Existentialism

We are fully responsible for who it is that we become. In the final analysis, there is no one else to blame. It is totally our own doing. We are always already free to remake our present and future by disencumbering ourselves of unwanted and unhelpful aspects of our past history. Freedom, choice, and responsibility are the ethical watchwords of existentialism.

A slogan explains Existentialism: “Existence precedes essence.” Nietzsche, Sartre and Camus agree with this statement. Kierkegaard and Heidegger deny this statement.

The basic sense of vocation which once gave meaning and direction to all walks of life has been the causality of collectivism, existentialism and sexualism, three of the moods induced by widespread practical atheism.

The central theme of existentialism: to live is to suffer, to survive is to find meaning in the suffering. If there is no purpose in life at all, there must be a purpose in suffering and in dying. But no man can tell another what this purpose is. Each must find out for himself, and must accept the responsiblity that his answer prescribes. If he succeeds he will continue to gorow in spite of all indiginities.

Man simply is. Not that he simply is what he conceives himself to be, but he is what he wills, and as he conceives of himself after already existing - as he will to be... Man is nothing else but that which is makes of himself. That is the first principle of existentialism.

Dostoevsky said, “If God didn’t exist, everything would be possible.” That is the very starting point of existentialism. Indeed, everything is permissible if God does not exist, and as a result man is forlorn, because neither within him nor without does he find anything to cling to. He can’t start making excuses for himself.

Thus, there is no human nature, because there is no God to have a conniption of it. Man simply is... Man is nothing else but that which he makes of himself. That is the first principle of existentialism.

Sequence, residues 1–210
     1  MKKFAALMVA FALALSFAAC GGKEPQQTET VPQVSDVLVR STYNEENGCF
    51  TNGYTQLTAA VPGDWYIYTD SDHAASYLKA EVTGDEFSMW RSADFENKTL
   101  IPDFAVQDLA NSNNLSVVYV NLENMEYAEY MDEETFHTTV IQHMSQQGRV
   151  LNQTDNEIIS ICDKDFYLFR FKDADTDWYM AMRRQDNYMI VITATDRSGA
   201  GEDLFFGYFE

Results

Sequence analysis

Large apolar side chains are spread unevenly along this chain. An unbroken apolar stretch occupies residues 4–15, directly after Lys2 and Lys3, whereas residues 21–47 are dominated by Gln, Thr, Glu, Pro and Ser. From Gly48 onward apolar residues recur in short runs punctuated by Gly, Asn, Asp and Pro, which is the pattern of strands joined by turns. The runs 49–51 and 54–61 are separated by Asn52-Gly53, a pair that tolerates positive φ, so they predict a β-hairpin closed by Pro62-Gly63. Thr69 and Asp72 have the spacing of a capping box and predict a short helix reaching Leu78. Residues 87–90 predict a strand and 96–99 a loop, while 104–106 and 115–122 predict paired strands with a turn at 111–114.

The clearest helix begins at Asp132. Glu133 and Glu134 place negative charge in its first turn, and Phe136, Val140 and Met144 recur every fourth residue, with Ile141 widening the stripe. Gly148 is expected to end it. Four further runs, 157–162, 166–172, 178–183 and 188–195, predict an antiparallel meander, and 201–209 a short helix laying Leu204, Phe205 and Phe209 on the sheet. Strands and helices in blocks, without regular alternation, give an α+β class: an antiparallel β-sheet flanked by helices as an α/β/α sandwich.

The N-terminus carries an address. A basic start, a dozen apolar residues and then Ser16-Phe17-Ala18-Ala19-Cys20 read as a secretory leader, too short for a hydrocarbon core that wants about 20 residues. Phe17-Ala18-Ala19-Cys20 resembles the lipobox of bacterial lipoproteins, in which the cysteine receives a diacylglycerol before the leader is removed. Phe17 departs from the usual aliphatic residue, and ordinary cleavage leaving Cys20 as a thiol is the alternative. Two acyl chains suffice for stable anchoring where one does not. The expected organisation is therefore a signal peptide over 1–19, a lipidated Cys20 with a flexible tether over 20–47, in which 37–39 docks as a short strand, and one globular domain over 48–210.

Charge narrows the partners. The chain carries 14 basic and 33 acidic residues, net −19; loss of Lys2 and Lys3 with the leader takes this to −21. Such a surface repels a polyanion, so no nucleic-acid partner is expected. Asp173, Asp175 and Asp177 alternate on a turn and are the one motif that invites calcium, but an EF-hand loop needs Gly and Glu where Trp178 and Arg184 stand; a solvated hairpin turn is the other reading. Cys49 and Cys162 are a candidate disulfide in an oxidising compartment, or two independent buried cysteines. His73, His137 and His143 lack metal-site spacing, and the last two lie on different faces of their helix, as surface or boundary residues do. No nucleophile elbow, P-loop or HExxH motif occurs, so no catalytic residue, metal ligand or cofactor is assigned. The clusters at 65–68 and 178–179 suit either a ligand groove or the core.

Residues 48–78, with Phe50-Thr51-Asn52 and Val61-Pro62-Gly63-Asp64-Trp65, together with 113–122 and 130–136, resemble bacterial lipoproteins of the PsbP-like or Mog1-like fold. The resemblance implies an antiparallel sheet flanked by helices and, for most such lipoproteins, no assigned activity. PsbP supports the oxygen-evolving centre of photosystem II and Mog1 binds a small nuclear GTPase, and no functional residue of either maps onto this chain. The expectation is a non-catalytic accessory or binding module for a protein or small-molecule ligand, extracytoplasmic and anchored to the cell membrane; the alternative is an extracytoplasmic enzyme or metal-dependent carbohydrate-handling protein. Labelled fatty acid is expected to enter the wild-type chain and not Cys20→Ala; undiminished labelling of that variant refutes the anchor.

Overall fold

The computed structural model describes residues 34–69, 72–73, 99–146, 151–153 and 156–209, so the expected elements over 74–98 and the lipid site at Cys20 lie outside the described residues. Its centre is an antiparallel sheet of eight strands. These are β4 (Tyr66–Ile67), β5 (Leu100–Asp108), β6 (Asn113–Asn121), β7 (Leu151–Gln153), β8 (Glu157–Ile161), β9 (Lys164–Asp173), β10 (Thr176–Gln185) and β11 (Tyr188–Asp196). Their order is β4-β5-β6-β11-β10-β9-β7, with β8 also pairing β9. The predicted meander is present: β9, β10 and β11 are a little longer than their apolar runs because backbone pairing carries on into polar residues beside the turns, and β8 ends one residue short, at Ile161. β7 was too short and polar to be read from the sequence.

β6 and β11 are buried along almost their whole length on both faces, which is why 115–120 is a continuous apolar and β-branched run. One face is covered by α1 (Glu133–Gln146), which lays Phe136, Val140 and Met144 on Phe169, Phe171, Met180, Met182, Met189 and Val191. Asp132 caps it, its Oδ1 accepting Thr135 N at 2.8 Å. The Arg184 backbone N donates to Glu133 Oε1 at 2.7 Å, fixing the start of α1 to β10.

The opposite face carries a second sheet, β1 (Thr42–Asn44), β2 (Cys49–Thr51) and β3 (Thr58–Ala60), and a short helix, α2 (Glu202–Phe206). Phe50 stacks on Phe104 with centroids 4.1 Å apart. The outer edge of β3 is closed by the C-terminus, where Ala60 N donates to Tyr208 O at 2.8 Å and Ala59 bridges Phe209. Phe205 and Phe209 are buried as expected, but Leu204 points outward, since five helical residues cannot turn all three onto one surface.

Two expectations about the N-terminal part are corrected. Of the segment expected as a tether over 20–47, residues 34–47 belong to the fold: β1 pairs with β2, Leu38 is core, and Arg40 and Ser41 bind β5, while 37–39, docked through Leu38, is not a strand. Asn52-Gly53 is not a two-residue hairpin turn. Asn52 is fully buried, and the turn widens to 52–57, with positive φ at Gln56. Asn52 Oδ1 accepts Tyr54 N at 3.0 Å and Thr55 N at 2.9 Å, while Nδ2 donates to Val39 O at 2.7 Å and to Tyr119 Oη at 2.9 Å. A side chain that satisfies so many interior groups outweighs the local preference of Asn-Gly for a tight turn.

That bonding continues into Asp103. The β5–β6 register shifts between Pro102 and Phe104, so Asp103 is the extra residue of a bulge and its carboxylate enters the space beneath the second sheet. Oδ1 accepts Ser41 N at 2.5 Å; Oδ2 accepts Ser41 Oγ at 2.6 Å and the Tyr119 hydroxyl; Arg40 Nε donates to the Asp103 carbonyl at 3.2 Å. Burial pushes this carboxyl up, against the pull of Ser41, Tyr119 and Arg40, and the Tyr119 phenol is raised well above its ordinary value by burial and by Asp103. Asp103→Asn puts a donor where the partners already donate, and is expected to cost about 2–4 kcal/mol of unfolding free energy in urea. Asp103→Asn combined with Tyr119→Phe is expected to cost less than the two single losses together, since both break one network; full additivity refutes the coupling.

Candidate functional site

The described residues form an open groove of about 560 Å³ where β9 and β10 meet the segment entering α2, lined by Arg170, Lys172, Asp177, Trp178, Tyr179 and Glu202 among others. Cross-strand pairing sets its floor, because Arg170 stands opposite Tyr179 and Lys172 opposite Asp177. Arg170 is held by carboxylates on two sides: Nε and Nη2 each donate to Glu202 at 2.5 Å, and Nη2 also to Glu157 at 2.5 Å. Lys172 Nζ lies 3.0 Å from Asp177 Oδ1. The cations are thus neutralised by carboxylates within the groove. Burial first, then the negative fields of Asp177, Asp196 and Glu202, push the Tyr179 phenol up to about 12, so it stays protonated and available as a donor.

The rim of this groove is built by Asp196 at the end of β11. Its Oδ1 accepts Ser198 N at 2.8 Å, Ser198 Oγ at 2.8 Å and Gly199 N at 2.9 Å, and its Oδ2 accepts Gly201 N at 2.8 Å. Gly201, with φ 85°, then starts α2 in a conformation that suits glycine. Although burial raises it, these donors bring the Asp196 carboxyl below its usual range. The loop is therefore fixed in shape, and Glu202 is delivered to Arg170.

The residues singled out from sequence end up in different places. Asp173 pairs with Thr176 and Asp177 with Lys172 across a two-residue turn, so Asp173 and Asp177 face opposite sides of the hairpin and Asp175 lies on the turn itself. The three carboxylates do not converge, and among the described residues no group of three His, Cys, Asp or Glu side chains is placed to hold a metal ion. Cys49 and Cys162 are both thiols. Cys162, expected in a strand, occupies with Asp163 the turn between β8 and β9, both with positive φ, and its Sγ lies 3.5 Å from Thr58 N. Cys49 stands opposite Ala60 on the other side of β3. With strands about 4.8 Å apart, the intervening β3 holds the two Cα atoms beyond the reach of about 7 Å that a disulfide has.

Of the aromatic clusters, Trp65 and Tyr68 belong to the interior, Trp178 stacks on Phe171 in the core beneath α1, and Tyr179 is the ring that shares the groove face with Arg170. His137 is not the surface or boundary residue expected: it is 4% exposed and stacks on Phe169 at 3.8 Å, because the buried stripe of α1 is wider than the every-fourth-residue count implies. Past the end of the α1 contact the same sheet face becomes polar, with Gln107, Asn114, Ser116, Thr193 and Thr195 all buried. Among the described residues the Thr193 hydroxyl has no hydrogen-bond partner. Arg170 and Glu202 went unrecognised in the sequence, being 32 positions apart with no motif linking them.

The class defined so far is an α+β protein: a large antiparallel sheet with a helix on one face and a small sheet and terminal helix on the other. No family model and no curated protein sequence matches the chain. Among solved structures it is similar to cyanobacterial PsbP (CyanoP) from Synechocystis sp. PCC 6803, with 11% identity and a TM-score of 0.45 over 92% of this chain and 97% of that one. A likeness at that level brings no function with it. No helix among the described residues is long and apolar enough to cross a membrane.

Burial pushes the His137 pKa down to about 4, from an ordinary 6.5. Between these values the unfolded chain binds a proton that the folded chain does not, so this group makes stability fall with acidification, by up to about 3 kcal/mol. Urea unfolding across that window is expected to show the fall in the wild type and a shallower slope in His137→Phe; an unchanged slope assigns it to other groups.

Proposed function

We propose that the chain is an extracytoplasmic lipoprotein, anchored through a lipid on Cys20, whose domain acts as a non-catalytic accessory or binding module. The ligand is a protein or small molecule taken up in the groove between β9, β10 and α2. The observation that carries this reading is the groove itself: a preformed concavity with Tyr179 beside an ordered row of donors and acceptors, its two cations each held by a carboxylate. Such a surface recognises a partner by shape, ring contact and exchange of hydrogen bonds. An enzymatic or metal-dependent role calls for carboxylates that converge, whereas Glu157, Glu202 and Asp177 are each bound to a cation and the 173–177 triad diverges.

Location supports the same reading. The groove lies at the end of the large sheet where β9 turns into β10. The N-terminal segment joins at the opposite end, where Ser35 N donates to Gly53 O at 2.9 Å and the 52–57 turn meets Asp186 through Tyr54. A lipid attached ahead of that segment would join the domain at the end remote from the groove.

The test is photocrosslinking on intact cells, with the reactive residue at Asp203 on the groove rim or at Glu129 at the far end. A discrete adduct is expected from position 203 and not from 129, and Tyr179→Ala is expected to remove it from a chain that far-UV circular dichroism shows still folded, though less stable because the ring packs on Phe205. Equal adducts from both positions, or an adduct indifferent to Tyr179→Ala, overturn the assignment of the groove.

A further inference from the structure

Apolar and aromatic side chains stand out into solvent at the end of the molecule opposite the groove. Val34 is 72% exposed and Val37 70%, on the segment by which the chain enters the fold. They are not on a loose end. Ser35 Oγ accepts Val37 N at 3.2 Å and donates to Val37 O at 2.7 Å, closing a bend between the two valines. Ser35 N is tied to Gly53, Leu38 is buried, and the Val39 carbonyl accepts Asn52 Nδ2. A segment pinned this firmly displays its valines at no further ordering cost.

Existentialism means that no one else can take a bath for you.

Existentialism is nothing else but an attempt to draw the full conclusions from a consistently atheistic position. Its intention is not in the least that of plunging men into despair. And if by despair one means as the Christians do – any attitude of unbelief, the despair of the existentialists is something different. Existentialism is not atheist in the sense that it would exhaust itself in demonstrations of the non-existence of God. It declares, rather, that even if God existed that would make no difference from its point of view. Not that we believe God does exist, but we think that the real problem is not that of His existence; what man needs is to find himself again and to understand that nothing can save him from himself, not even a valid proof of the existence of God. In this sense existentialism is optimistic. It is a doctrine of action, and it is only by self-deception, by confining their own despair with ours that Christians can describe us as without hope.

In spite of so many stubborn lies, at every moment, at every opportunity, the truth comes to light, the truth of life and death, of my solitude and my bond with the world, of my freedom and my servitude, of the insignificance and the sovereign importance of each man and all men. There was Stalingrad and there was Buchenwald, and neither of the two wipes out the other. Since we do not succeed in fleeing it, let us therefore try to look the truth in the face. Let us try to assume our fundamental ambiguity. It is in the knowledge of the genuine conditions of our life that we must draw our strength to live and our reason for acting.